• Anthony Jones is an underrated player; awkward matchup, reasonably efficient shooter.  He roams perimeter too much (6% OR rate), but considering he'll be 4-5 inches taller than the player often matched up against him (Kim English)
  • Extremely thin backcourt, extremely deep frontcourt.  Foul trouble could be interesting.  Baylor's backcourt (Walton averages 3.2 fouls) vs Mizzou's frontcourt.  Both teams have distinct depth advantages and disadvantages, and the way the game is called (and which teams are more offensively aggressive) could determine who has their preferred lineup on the court late.
  • That's right, Dunn and A.J. Walton combine for 7.1 turnovers per game.

Keys to the Game

  1. Round Three.  For those who follow Rock M, you know how I love a good boxing analogy.  For Missouri games, Rounds 3 and 8 (the 12:00 to 8:00 minute marks of each half) are typically most important, as that is when the bench players are spelling the starters.  Mizzou tends to win these rounds at home and lose them on the road.

    Bench play is one of the things that separates Mizzou's home and road play -- at home, Justin Safford, Steve Moore, Ricky Kreklow and Matt Pressey average 15.3 points on 42% shooting, 5.0 assists and 10.0 rebounds per game; on the road: 13.7 points on 34% shooting, 2.7 assists and 8.5 rebounds (and this says nothing of the extreme difference in Mike Dixon's level of play in and away from Mizzou Arena).  Against a tall but thin Baylor squad, the Mizzou bench could soften up the Bears significantly with good performances in the middle of each half.  Without strong bench play, Mizzou can still win ... but they will have blown a huge opportunity.

  2. Ball Control and Boards.  Baylor has the size advantage, and I don't expect Missouri to win the rebounding battle.  But there's a difference between being minus-4 and minus-10 in terms of expected rebounds.  Mizzou is plus-0.5 exp. rebounds per game in wins, minus-6.5 in losses.  At minus-3 or better, I think Mizzou wins this game.  Worse, and things might get dicey.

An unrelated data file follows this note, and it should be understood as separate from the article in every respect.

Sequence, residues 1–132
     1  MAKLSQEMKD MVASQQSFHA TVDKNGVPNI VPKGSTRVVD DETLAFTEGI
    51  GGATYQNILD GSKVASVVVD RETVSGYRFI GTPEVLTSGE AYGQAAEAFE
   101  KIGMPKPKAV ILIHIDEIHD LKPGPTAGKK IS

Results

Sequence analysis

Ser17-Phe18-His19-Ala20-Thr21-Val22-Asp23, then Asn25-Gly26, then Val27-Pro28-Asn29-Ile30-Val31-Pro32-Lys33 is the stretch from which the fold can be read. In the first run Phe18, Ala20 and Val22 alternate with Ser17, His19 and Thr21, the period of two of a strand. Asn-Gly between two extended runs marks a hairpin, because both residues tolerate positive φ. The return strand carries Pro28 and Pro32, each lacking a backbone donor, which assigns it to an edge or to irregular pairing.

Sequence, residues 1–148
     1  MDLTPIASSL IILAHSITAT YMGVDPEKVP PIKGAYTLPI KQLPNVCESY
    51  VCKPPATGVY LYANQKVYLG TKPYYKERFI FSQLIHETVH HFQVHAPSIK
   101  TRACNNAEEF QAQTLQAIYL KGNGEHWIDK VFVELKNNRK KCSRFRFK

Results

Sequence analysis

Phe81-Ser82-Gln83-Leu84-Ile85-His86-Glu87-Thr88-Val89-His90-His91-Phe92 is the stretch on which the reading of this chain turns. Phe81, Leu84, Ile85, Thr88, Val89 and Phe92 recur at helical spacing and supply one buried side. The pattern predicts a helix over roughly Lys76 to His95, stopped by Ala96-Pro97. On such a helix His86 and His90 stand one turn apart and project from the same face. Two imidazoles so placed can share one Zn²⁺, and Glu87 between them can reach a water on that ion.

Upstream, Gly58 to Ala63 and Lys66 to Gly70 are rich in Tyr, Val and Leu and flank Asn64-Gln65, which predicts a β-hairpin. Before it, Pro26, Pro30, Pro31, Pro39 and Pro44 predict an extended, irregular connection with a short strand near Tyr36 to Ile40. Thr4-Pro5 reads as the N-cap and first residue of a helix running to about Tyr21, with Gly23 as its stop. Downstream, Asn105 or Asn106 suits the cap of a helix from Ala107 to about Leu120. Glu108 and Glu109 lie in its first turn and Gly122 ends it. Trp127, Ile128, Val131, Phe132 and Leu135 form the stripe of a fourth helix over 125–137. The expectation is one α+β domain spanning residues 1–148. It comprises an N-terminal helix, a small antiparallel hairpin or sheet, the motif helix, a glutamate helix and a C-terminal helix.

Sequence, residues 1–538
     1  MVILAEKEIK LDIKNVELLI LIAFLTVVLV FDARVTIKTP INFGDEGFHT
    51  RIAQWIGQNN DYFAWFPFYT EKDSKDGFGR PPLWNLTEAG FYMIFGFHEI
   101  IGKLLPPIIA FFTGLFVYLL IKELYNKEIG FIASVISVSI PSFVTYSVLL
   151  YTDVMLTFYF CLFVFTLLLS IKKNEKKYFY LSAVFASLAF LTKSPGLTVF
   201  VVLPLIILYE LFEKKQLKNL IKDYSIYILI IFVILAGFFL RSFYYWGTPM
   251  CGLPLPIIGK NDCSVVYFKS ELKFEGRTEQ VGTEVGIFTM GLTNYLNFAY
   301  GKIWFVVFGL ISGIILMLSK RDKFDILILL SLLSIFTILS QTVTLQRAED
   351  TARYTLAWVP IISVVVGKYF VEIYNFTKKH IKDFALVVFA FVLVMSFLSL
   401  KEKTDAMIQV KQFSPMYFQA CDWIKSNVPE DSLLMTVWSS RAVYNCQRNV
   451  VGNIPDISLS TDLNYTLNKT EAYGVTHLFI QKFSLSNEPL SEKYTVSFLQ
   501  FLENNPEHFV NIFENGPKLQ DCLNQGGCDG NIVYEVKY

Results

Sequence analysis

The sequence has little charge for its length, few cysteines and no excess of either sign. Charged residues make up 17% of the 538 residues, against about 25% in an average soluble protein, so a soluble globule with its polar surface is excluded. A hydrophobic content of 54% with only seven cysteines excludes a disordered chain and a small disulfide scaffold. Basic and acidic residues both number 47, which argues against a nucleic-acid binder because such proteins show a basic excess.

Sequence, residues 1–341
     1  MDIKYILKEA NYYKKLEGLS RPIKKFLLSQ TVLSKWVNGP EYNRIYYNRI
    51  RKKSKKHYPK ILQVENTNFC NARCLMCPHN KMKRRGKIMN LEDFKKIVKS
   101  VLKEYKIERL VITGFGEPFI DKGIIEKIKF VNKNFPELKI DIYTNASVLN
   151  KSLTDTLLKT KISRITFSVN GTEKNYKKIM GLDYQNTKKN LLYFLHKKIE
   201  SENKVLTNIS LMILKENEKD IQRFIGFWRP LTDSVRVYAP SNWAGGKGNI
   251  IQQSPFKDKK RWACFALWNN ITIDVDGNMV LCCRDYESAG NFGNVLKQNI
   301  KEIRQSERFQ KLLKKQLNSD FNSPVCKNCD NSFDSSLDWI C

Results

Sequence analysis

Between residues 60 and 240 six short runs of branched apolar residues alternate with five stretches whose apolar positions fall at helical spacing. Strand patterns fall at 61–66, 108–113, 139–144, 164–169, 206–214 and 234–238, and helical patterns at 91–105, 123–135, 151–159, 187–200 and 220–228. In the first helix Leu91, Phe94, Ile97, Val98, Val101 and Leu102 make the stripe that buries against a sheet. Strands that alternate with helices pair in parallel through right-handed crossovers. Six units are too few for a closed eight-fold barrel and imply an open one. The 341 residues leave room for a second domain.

The reason Mizzou can lose the rebounding battle at least a bit and still potentially win comfortably is ball control.  In terms of assists, steals and turnovers, Mizzou holds a significant -- and at Mizzou Arena, potentially devastating -- advantage, especially if they avoid the sloppy, lack-of-focus turnovers that hurt them against Iowa State.  You neutralize a rebounding disadvantage by getting more easy looks than your opponent, and clearly turnovers are a direct route to that for Mizzou.

  3. The 3-Ball.  Mizzou has been making 2-pointers at a more and more effective rate in recent weeks, but against Baylor's zone there's a good chance that this game comes down to who makes their 3-pointers.  The Tigers should get some open looks, particularly on the wing.


This is over-simplifying things a bit, but if you're looking for good or bad signs early in the game, try this: sometime early on, LaceDarius Dunn will take a semi ill-advised 3-pointer (or 3-pointers).  If it goes in, Missouri could be in trouble.  If it misses, and Baylor gets the putback, Mizzou might be in trouble.  If it misses and Missouri grabs the rebound, the Tigers are in good shape.

Meanwhile, on the other end, Kim English should get a couple of decent looks from long-range early on as well.  If he makes them, Mizzou's in business.

Bottom line: Mizzou could run away with this game if they make their open looks and settle into their press (therefore wearing Baylor down a bit), if they at least don't get dominated on the glass, and if the bench gives them something decent.  But at the same time, if Baylor is playing smart, managing their turnovers, and hitting the glass hard, they could win on Missouri's -- or anybody else's -- home court.

Just like there is danger in taking on the crazy guy in a fight, there is fear in playing Baylor.  At any moment, the Bears could wake up and remind everybody why they were so highly-touted in the pre-season.  That said, the odds are in Missouri's favor -- in fact, I'll go ahead and predict a 75-65 Missouri victory.  Survive this one, and you give yourself a puncher's chance at third in the conference.  Slip up -- or just get swarmed by an angry, poked bear -- and it could still be a struggle to get to 8-8 in conference.  Big game.